POV: You’re a student from Episcopal High School wandering the labyrinthian halls of the National Portrait Gallery. You’re sick of seeing monotonous rooms filled with photorealistic portraits of Civil War heroes and landscapes of the Wild West, you look in every room in search of the perfect painting and you stumble upon a familiar artwork.
There it was, an oil painting that consisted of awkward geometric shapes that somehow fit themselves perfectly in the square frame. Levee Farms by Wayne Thiebaud. It was a painting from above, perhaps from the perspective of a low-flying bird, that surveyed planting fields and a river that bathed in the warmth of the midday sun. The grasslands contorted themselves to follow the river which flowed into the delta. The occasional trees interrupted the orderly shadows of contour farming and planted themselves against the river’s edge. The colors, however, were sun-bleached and out of place. They were defiant of the traditional rules of nature; the river was not an ocean blue but a muted pink, the farmlands were not forest green but bright orange. Some patches were drawn from an ariel point of view yet others were linear. There was no horizon to the painting either, a manipulation of nature that toyed with my perspective.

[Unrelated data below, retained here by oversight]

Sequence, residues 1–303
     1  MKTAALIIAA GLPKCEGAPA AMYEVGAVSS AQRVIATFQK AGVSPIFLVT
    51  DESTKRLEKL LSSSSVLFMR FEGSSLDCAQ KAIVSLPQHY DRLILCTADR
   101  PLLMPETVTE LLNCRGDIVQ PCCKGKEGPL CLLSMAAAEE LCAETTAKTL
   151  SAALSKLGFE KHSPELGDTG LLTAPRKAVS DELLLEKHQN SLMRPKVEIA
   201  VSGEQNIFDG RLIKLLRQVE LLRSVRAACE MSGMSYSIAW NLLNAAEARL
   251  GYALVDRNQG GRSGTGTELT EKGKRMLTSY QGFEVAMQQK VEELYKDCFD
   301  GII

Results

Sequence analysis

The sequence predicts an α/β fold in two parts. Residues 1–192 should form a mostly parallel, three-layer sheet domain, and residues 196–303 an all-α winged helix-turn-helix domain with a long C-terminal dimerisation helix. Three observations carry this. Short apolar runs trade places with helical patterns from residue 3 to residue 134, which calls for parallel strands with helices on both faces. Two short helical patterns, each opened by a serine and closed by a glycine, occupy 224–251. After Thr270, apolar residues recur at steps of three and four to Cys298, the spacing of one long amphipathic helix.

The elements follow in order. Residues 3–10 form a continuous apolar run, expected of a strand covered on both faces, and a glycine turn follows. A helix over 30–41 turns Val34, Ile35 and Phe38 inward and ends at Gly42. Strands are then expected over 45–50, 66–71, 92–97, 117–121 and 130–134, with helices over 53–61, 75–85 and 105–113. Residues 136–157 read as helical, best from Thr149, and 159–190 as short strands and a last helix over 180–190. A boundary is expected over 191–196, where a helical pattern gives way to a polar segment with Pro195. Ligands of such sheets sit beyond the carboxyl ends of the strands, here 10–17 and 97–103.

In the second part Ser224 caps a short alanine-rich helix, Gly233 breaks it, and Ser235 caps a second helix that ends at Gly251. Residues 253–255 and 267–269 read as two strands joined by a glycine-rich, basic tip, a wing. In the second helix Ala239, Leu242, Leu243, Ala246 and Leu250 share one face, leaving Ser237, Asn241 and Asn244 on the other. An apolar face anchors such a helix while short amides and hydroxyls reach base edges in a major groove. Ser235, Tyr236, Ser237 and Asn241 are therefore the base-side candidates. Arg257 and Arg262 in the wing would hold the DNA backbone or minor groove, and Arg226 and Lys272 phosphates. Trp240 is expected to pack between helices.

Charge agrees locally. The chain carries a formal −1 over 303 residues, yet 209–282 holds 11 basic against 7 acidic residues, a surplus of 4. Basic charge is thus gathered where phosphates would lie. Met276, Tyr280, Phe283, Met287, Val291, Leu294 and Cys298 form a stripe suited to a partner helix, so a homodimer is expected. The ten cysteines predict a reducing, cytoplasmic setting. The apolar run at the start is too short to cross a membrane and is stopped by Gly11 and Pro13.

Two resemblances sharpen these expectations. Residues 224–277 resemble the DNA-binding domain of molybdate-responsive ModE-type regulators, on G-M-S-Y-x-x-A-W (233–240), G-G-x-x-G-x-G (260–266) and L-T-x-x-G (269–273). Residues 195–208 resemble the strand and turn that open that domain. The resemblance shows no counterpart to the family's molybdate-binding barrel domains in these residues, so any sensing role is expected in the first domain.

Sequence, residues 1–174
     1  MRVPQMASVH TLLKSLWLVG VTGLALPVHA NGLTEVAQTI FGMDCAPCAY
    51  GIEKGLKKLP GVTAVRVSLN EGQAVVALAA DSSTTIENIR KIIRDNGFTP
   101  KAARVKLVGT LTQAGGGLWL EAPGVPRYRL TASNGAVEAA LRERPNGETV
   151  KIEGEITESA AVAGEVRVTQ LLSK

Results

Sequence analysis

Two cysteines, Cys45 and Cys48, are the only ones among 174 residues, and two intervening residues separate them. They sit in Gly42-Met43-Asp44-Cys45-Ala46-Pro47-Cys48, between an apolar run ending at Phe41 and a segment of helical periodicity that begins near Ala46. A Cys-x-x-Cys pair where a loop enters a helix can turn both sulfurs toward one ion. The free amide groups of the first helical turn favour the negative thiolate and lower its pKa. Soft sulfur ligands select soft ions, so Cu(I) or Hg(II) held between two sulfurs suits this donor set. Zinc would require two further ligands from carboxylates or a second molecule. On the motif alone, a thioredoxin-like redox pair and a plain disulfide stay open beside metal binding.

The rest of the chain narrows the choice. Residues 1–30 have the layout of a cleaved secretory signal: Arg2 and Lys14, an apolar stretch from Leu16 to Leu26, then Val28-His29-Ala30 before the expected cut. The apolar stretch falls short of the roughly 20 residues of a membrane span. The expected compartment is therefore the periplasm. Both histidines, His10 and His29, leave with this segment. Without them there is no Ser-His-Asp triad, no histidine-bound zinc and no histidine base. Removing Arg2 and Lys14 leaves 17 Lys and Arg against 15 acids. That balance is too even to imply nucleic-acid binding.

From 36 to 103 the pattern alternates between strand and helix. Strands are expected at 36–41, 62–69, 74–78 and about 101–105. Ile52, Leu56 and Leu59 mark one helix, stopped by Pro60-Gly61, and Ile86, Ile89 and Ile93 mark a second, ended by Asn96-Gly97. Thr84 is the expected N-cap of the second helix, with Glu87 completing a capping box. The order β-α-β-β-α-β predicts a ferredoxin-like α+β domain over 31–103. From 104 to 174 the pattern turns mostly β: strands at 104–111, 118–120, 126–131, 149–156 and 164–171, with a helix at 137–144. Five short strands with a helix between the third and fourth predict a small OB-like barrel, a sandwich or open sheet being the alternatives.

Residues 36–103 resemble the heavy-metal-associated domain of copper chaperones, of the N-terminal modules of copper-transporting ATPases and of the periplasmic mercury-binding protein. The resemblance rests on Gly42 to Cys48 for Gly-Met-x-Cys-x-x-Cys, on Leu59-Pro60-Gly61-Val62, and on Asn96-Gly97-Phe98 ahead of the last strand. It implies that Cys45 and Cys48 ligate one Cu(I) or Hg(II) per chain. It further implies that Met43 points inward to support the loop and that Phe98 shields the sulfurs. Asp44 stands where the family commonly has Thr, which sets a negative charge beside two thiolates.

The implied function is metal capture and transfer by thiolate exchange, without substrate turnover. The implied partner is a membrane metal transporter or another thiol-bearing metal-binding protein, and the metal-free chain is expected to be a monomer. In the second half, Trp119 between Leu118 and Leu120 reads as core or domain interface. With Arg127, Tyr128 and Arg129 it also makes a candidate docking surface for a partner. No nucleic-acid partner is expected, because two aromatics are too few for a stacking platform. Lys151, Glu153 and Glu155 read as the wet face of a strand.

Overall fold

I failed to relate to Thieubaud’s point of view until I was struck by a sudden sense of familiarity. His contorted portrayal of the plantations strongly resembled the views from my flights from IAD to PVG, Dulles International Airport to Shanghai Pudong International Airport. I would wake up from my naps in the midst of my fourteen-hour flight home and stare out the window. Most of the time, the view would be either of the pitch-black night skies or, it would be straight-up white light. The most exhilarating feeling though is when you wake up from yet another nap, but this time instead of seeing two extremes, you begin to see the faint shadows of land. I saw the same contours in the countryside as the ones in Thieubaud’s art. The way the plane would turn and angle itself towards the ground was almost identical to the point of view of the low-flying bird on top of Levee Farms.